Aaron Judge has become the latest hitter to criticize the new pitcher-friendly dimensions at Camden Yards in Baltimore, and Orioles veteran Trey Mancini seems to agree with the New York Yankees slugger.
After losing a potential home run that bounced off the top of the newly constructed high wall into left field on Tuesday night, the judge told MLB.com he was “rather upset” about the new dimensions, saying the redesigned ballpark is a “transvestite” and “now looks like a Create-A-Park”.
Mancini, the Orioles’ longest-serving player, told the Baltimore Sun that Judge wasn’t the first player to complain about Camden’s new dimensions; the left field wall was pushed back about 30 feet and was also raised 7 feet to about 12 feet high.
“Nobody likes that,” Mancini told The Sun. “No hitter like that, myself included.”
Judge’s first-inning blast on Tuesday traveled 399 feet and would have been a home run in all 29 other Major League Baseball fields, according to Statcast data. But the new Camden Yards held Judge in the stadium, much to the dismay of the Yankees.
“He almost had three [homers]”Yankees manager Aaron Boone said of Judge, who hit a pair of solo home runs later in the game. “But Build-Your-Own-Park got it.”
Judge, who leads the majors with 14 homers this season, expanded on his review of Camden on Wednesday, telling the New York Post that the new dimensions have taken a toll on what was a “magnificent park.”
“I feel like it’s ruining the park,” Judge told the Post before going no-hitter in New York’s 3-2 win over Baltimore. “It was a very nice park as it was.”
According to ESPN Stats & Information research, just 1.8% of plate appearances at Camden Yards this season have ended in a home run, the fifth-fewest of all MLB stadiums. Last season, 4.5% of plate appearances at Camden ended in a homer, the highest percentage in MLB.
No park allowed more home runs last season than Camden Yards, and the Orioles produced 155 home runs last season – the most in MLB and third most by any team in a season.
Mancini, in his sixth season with the Orioles, was homeless at Camden Yards before Thursday afternoon’s game against the Yankees. The powerhouse first baseman hit 14 of 21 home runs last season at Camden Yards, but has lost at least two potential new-sized home runs this season.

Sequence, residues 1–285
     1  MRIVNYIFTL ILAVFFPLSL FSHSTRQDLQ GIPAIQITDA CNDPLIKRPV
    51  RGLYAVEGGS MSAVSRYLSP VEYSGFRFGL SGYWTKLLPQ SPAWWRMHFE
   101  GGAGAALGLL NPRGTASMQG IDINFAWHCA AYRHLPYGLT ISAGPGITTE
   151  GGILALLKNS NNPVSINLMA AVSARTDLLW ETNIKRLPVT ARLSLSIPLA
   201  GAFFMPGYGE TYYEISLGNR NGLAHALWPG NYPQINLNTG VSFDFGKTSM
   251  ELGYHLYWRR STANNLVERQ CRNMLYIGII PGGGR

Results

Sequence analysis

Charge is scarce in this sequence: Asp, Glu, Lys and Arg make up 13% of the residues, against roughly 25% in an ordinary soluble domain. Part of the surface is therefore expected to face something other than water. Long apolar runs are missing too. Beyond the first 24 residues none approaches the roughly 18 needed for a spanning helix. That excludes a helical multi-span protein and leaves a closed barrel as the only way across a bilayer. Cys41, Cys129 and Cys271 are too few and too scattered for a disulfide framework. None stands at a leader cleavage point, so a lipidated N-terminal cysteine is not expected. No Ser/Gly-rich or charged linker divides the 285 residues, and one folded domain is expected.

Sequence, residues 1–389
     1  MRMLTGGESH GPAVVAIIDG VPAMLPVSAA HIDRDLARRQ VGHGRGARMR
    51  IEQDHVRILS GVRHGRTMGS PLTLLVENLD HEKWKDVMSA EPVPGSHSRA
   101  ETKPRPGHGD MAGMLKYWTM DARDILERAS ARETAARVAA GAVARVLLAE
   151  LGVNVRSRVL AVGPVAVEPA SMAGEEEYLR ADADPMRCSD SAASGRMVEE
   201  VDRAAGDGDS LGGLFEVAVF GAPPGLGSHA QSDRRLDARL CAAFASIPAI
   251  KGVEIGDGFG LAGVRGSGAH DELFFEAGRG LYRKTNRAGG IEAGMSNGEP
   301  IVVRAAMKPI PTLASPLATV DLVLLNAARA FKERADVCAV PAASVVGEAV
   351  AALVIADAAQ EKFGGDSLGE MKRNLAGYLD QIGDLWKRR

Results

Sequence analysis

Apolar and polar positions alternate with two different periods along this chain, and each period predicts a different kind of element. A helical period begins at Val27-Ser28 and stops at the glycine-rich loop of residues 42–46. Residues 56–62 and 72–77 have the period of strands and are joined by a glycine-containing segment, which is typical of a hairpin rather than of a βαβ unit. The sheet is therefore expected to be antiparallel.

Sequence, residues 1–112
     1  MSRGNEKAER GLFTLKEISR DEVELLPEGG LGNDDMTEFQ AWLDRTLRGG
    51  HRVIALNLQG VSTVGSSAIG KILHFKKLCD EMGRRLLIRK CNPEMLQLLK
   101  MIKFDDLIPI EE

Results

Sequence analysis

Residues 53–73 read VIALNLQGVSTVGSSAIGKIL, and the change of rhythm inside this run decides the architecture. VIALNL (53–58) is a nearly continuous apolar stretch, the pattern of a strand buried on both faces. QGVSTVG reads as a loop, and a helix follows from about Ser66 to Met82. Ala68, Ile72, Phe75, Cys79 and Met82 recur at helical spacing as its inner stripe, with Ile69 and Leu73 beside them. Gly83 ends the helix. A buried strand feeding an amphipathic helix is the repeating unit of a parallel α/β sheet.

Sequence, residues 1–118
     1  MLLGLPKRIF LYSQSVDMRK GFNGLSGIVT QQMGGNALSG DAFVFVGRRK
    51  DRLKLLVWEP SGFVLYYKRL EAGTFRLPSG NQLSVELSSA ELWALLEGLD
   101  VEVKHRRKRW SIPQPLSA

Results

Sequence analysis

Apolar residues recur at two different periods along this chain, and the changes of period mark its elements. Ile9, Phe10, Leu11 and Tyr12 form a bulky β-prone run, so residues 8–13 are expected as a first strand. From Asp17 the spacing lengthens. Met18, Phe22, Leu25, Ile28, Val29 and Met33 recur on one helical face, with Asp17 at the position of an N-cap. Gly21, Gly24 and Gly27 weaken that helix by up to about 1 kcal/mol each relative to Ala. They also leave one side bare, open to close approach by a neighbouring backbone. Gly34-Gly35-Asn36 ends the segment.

“There’s nothing we can do to change that,” Mancini told The Sun. “It’s nothing you can think about when you’re at home plate. But that doesn’t make it any less difficult when you hit a ball that you think should definitely be a home run.”
It’s the second time in recent weeks that the Yankees have been involved in a back-and-forth over stadium dimensions and their impact on home runs.
Texas Rangers manager Chris Woodward called Yankee Stadium a “little league ballpark to right field” earlier this month and said Gleyber Torres’ homer would have been an “out easy in 99% of baseball fields”. Boone initially did not respond to Woodward before joking that his “calculations are wrong”, pointing out that “99% is impossible. There are only 30 parks”.
With Boone the opposite of the talk this week, Orioles manager Brandon Hyde told The Sun he would “take the high [road]and said he thought Camden Yards was playing “more fair” on fly balls to left field.
Camden Yards has produced just 1.3 homers per game this season, fifth-fewest in the majors, after allowing an MLB-high 3.4 per game last season, according to ESPN Stats & Information data.
“Before, fly balls to left field were home runs, and that was often unfair,” Hyde told The Sun. “It’s just playing fairer than before.”
Ryan Mountcastle, Anthony Santander and Austin Hays are the only Orioles hitters to homer off the left-field wall this season, and Mancini reiterated that the dimensions of the home run have not gone down well with hitters. Baltimore.
“I know that [Judge’s] the ball should probably be a home run, but we had quite a few too, it should have been,” he told The Sun. “Like I said, we play half our games here, so not great as a right-handed hitter.
“It’s always our job to go out there and play, so complaining about [it], that’s not going to help us. But that doesn’t necessarily mean we like it either.”
Orioles pitchers, conversely, have thrived in the new dimensions, posting a combined 2.74 ERA and allowing just 11 homers in 19 home games entering Thursday. The Baltimore pitchers had a 5.99 ERA in 81 home games last season.
“The stadium is a real gem,” Orioles general manager Mike Elias told The Post. “We wanted to make it less of a circuit paradise.”